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Editor's Notebook

Tire Aging Issue Needs Attention, Not Excuses – Now

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Would you knowingly in­stall four "new" tires that are actually six to 10 years old – or older – on your son or dau­gh­ter’s car?

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I already know your answer.

Neither would I.

And while most of you would never consider putting old tires on your children’s vehicles, I find it a bit disconcerting that – based on emails and reader comments I have received – some of you can still justify selling those same tires to your customers.

Sadly, this whole tire age thing has simply spun out of control. There are far too many dealers and association folks and executives and “tire ex­perts” defending the indefensible by continuing to point to “science” and “data” where “common sense” is now the only reasonable response.

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The “service life is not determined by chronological age” fugue is as an­cient as the word “fugue,” and about as useful now. No one can argue that point…because there is no “science” or “data.”

A decade ago, when the whole question of “How old is too old?” rear­ed its head, that argument made some sense. But instead of going out and getting some “science” and “data,” TIA, RMA, tiremakers and others stood on soapboxes and de­clared that since none existed, there was no problem.

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Here is an indisputable fact:Per­ception is al­ways reality. Perhaps not immediately, but sooner or later those two in­evitably converge. Tire and vehicle makers in Europe and Japan understood that, and took steps to deal with consumer perception before it spun out of control.

But not here. No, not here.

Americans don’t like their products hurting or killing them. They don’t even cotton to the hint of a paper cut. So after years of seeing TV news reports on tire aging and hearing from plaintiff attorney-supporter Sean Kane and reading online stories and talking to friends and family, many consu­m­ers became convinced that “old tires” were a real threat.

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Consumers don’t care about ozone, weather, tire stacking, raw material quality and consistency, production equipment, what day of the week the cotton was picked and processed into casing plies, or any of the excuses we have heard for 10 years – and still hear today.

When it comes to buying “new” tires, drivers want actual new tires. Not something made four, five even eight years ago. They don’t want to worry if their “new” tires will hurt or kill them. And there is no amount of “science” or “data” that will convince them otherwise.

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As the industry fell under attack for pushing “old, brittle, killer tires” on the “unsuspecting public,” we fixated on “science” and “data” and never heard what was actually being said.

This is a complicated issue (perhaps not as complex as some make it to be, though), but we have to start somewhere. Step One is to dig our heads out of the sand and admit that we have an epic PR problem.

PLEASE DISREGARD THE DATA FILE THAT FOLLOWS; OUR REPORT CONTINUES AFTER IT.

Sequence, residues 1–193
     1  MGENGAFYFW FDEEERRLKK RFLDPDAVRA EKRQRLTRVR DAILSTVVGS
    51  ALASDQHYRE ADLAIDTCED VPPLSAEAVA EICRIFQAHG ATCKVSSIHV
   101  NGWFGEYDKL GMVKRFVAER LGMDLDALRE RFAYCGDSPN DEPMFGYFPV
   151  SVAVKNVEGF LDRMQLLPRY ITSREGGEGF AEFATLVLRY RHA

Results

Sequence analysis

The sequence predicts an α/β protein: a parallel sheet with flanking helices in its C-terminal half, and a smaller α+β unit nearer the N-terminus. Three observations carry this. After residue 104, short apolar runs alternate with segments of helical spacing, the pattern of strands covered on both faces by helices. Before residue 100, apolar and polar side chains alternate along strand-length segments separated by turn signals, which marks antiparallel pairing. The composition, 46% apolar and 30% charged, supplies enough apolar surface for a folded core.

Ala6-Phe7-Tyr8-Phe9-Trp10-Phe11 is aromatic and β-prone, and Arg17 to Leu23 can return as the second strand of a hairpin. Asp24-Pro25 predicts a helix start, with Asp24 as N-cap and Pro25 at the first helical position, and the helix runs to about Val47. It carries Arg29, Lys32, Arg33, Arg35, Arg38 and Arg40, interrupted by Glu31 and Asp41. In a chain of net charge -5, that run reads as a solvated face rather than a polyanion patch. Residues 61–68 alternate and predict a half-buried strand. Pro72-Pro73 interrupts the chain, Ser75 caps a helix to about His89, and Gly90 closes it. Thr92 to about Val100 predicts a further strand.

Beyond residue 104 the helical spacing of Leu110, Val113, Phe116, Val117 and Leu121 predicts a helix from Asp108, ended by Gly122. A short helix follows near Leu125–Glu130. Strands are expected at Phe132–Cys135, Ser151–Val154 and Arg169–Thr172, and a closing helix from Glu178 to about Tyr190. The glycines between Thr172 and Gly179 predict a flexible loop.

Step Two: Take a page out of the Public Relations 101 manual and fight perception with a new perception.

Like I said, perception is reality. And I know that the folks at TIA and RMA (and their members) understand this. So, with that, the “old tires are bad” perception needs to be re­shaped into “here is advice that will make you feel confident with your tires.”

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Now, this is not an absolute solution; it would take a roomful of law­yers 10 lifetimes to come to an agreement on airtight resolution, and we don’t have that kind of time. A noted public stance, however, would ease the perception burden, giving tiremakers the beathing space to eliminate the old tires they control from the market and create the systems necessary to prevent such from entering the market in the future.

It’s called “issuing a statement,” a tactic that appears to have worked well in Europe and Japan, from both tire producers and vehicle companies.

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And that statement could read some­thing like this:

“The Rubber Manufacturers Assoc­iation and the Tire Industry Assoc­ia­tion and all of their collective members strongly recommend that unused tires (those that have not been in­stalled and/or driven on) should not be placed into service if they are more than six years old (based on the production date embossed on the sidewall of the tire), and that all tires should be removed from service and replaced 10 years from the date of their manufacture.”

Simple. Straightforward. No find­ing of fault or placing of blame. Most people, I suggest, would feel that their best interests were finally be­ing considered and addressed.

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Perhaps this is all a bit naive.

But I do know that dealers are tired of taking the brunt of consumer anger, hoping their suppliers and representatives would step up.

Iknow we don’t want “death by 51 cuts” in the form of state-by-state or federal legislation. We’re staring that devil square in the face, and those battles are far from over.

Iknow you wouldn’t imperil your offspring.

What Idon’t know is if anyone will finally step up and deal with the real reality of tire aging.

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